THE difficulty is always the same. To get new eyes for
the art of the times. And even before that, to get a new tradition, born of the times, for people to look at.
At the moment we have neither.
For too long have people been accustomed to see art in terms of the Renaissance vision to lose the habit easily. But the Renaissance is played out historically. and the art of the Renaissance has been gradually declining through the overblown delights of the baroque and the rococo into the sentimentalities of the last century.
Now the search is on for a new tradition.
In religious art the transition is hound to be painful as well as diffi cult. Ideas arc firmly set and the problem is fraught with processes that are not merely aesthetic.
All that can be said is that the situation that faces a Moore or a Sutherland today is broadly the same as that which faced Giotto. Michelangelo and El Greco before themthat of disturbing the preconceived notion of what a religious work of art should look like. With the big difference that the unity of Christendom is lost. so that now we can no longer he sure that we know what a man is trying to tell us in his pictures.
Showing in London are three particularly interesting painters who are each involved in the •odern voyage of discovery-that of finding a new relationship between Art and Nature -Fernand Leger at the Tate. Roy de Maistre at Adams and Mollie Paxton at Roland, Browse and Delbanco's gallery.
Only de Maistre is showing religious work. but all have painted religious subjects and with a certain common ground it is easier to see the direction which their feet are taking.
Leger is a popular painter. He is the slather of modern advertising. However banal the object, Leger can make it exciting; in fact he glories in the very banality of his subjects, endowing them with a kind of mystical sense. People, parrots, bicycles and tools recur in his robust, direct and usually gay pictures.
But his effects, while tieing as real as it is possible to imagine, are never produced by realistic means. His people symbolise the idea, his things the quality: they have been drained of their photographic attributes so that their essence can be revealed.
" I start from the bare object.
I'm a classicist." Leger says. His method is to bring stones. animals, insects or plants home and to make drawings from them which arc naturalistic; from these working diagrams he discovers the forms and rhythms of nature. His picture begins at this point.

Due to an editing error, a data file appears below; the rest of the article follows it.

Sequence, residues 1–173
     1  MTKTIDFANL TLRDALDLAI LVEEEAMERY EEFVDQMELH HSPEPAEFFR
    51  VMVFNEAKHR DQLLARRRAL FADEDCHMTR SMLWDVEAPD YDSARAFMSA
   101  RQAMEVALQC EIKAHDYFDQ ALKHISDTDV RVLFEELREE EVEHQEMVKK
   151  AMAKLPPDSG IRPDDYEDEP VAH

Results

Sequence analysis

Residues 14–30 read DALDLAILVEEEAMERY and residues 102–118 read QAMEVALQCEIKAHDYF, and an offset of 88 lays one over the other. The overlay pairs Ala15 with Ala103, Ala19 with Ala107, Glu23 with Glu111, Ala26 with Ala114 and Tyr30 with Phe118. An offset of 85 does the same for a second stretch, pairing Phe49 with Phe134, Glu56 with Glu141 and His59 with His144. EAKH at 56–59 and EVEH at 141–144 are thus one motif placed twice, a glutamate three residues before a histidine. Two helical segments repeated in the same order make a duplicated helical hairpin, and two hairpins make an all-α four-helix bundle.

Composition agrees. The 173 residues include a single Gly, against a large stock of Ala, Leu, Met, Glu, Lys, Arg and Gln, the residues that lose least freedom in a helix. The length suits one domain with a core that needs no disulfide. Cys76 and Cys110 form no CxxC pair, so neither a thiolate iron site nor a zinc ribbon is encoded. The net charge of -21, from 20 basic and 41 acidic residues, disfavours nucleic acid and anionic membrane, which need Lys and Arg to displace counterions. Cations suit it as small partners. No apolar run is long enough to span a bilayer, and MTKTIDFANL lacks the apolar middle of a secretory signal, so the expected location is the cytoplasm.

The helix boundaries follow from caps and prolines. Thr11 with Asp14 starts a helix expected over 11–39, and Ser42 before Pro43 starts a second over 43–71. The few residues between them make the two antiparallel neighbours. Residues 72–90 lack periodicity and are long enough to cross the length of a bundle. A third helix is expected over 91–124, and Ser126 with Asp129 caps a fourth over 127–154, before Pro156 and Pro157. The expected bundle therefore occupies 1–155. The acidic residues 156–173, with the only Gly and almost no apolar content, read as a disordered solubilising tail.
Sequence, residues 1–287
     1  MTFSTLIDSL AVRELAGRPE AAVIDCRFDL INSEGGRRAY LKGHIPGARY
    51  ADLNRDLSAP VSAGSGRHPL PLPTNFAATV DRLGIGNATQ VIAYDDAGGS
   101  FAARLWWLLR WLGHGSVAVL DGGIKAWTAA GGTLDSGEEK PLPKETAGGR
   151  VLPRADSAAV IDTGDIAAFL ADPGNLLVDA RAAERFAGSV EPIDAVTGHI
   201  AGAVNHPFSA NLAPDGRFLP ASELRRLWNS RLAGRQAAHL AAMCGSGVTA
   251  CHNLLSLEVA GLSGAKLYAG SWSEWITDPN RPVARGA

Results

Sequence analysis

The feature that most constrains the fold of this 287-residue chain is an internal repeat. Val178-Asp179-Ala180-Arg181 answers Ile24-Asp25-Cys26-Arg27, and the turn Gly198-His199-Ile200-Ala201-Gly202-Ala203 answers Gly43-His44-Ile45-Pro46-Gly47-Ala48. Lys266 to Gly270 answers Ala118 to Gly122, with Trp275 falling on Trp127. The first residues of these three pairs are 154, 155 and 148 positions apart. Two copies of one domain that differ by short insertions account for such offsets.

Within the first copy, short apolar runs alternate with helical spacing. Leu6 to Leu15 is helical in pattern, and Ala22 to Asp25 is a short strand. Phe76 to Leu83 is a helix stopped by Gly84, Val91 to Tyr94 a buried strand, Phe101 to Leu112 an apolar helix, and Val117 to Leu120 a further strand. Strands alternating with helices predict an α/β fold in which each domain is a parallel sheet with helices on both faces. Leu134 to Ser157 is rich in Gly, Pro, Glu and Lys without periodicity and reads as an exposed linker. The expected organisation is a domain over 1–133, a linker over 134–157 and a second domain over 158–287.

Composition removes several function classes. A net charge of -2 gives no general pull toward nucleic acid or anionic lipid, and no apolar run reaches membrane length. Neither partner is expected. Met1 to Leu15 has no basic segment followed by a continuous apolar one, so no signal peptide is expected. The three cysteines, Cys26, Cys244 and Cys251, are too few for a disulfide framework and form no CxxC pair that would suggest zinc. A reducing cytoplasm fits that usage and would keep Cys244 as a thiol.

Roy de Maistre is working in somewhat the same way. In his exhibition it is possible to follow the stages, first the realistic study providing the scaffolding on which a picture will he built, then a number of versions in which the mind and the imagination have made their contributions and art has been added to skill. In the final result a liberation from the human and personal situation has taken place in favour of the eternal.
In Mollie Paxton's work it is not possible to follow the process quite so analytically. but however her work is achieved s h e devaluates reality in the same way and for the same reason-a Christian reason because of her faith in a privileges] estate, that of order which she is searching out n the chaos of pure Nat u re.
It is not surprising then, given this faith, allied to an even greater Faith (of which one logically promotes the growth of the other), that both Roy de Maistre and Mollie Paxton have produced some very considerable religious work.
Leger. too. has designed a mosaic which covers the facade of a new church at Assy in France. I have not seen it and can therefore only chonicle the fact, but Abbe Devemy who built the church has roped in for its decoration all the big names in the art world of Paris; Mattisse, Bonnard, Derain. Lurcat, Braque, Lipchitz and Rouault.
But there is no doubt that the display of de Maistre's religious paintings at the Adams galleries is the most impressive collection of such work that has been seen in London for a very long time. -There is no religious painter in this country comparable with de Maistre,
Concentrating largely on scenes of the Passion, it occurs to one that here is an artist capable of creating a set of Stations of the Cross for an important church which would rival in paint the pre-eminent position of Eric Gill's in stone.
The Stations of the Cross being a comparatively modern devotion there has not been time to evolve a tradition-one can't help thinking of the wonderful opportunity that the Masters of the past would have found in such a subject.
Already the key subjects for such a series are hanging on the walls-two versions of Christ falling under the Cross. two Crucifixions, two Depositions and a study, an Entombmentthese arc the nucleus around which the rest fall into place.